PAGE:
Pauli matrices

  • Thread starter mewmew
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  • #1
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Ok, I have a stupid question on pauli matrices here but it is bugging me. In a book i'm reading it gives the equation [tex][\sigma_i , \sigma_j] = 2 I \epsilon_{i,j,k} \sigma_k [/tex] , I understand how it works and everything but I do have a question, when you have k=i/j and i!=j (like 2,1,2) you get a non zero commutator and yet [tex]\epsilon[/tex] gives you 0. What am I missing here? Thanks
 
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  • #2
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The i and j determine the value of k.

For instance if i and j are equal then obviously the commutator is zero and the [tex]\epsilon_{ijk} = \epsilon_{iik} = 0[/tex] so that's fine.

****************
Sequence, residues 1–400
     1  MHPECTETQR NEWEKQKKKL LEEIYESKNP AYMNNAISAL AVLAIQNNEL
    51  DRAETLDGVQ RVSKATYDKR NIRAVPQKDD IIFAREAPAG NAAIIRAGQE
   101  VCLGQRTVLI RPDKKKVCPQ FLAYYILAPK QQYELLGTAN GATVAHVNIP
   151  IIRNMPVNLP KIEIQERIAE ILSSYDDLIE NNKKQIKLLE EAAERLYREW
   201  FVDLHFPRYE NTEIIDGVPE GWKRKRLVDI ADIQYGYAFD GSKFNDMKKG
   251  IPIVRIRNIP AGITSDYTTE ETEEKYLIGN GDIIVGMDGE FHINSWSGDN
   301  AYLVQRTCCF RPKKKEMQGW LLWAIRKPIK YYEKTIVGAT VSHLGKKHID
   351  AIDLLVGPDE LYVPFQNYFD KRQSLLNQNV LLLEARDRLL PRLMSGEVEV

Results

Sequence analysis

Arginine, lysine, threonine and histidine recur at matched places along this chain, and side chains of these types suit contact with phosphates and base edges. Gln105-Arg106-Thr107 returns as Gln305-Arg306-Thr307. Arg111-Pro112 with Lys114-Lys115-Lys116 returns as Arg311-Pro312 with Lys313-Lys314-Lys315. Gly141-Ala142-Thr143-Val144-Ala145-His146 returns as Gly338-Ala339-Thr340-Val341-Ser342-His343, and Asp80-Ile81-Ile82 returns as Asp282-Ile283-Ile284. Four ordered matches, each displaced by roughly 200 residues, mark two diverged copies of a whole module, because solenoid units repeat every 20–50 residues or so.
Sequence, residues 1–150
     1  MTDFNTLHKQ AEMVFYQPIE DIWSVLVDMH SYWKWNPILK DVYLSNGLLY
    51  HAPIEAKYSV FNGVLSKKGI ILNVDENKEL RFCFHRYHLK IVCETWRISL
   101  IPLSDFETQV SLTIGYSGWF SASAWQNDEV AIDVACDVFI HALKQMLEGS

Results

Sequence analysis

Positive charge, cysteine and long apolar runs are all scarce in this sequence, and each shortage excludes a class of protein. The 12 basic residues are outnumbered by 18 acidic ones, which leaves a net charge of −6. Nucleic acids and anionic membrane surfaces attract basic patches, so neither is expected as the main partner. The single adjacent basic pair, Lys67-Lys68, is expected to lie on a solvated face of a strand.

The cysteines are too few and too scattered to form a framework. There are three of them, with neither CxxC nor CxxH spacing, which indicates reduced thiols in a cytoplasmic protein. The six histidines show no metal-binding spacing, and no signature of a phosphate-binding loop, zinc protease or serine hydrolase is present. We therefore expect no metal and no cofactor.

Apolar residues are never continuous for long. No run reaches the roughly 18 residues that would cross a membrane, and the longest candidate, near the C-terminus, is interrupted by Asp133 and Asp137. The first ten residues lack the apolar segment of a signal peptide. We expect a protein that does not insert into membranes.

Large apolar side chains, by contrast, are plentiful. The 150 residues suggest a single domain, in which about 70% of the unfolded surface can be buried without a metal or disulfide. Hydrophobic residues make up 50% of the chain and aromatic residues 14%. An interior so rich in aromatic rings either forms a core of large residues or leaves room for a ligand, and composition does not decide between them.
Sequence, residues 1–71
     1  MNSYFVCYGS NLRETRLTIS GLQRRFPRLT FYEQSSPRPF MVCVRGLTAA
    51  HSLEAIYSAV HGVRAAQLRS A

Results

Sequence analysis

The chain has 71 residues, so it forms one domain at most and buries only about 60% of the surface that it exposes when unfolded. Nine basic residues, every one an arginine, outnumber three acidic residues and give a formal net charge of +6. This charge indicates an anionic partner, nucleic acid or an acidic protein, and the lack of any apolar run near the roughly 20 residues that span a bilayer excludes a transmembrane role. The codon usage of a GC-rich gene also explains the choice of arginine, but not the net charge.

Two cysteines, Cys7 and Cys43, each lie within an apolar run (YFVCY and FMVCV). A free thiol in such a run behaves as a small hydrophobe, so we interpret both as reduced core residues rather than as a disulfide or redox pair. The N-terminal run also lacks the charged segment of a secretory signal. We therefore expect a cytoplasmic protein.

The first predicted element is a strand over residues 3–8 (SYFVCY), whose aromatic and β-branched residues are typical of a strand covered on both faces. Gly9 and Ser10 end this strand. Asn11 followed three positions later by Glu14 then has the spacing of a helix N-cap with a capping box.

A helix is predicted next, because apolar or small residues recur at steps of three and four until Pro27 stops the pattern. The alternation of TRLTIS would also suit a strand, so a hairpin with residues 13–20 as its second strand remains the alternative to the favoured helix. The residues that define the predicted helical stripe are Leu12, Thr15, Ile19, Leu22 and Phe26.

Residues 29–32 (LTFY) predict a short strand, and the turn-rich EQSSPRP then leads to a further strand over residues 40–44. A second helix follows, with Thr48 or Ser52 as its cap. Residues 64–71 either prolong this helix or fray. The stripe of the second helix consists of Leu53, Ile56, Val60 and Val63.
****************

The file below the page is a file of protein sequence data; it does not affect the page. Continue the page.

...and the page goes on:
If i and j are different then k is the other value from {1,2,3}. To use your example, if i=2 and j=1 then k MUST be 3 to get a non-zero value of [tex]\epsilon_{ijk}[/tex] (you don't put commas in the subscript by the way). Therefore [tex][\sigma_{2},\sigma_{1}] = \epsilon_{213}\sigma_{3} = -\sigma_{3}[/tex]

If it makes it easier, think about summation convention, so that the right hand side becomes

[tex]\epsilon_{ijk}\sigma_{k} = \epsilon_{ij1}\sigma_{1} + \epsilon_{ij2}\sigma_{2} + \epsilon_{ij3}\sigma_{3} [/tex]

This means that when i isn't equal to j only one of those three terms remains non-zero otherwise k will be equal to either i or j. If i=j, then all three are zero.
 
  • #3
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The Levi-Civita symbol is zero if any of the 3 indices are the same. Calculate a few of those commutators and see if they equal the RHS for the kind of indices you picked and see if the relation holds if you want to see this for yourself.
 
  • #4
114
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Thanks, that clears it up.
 

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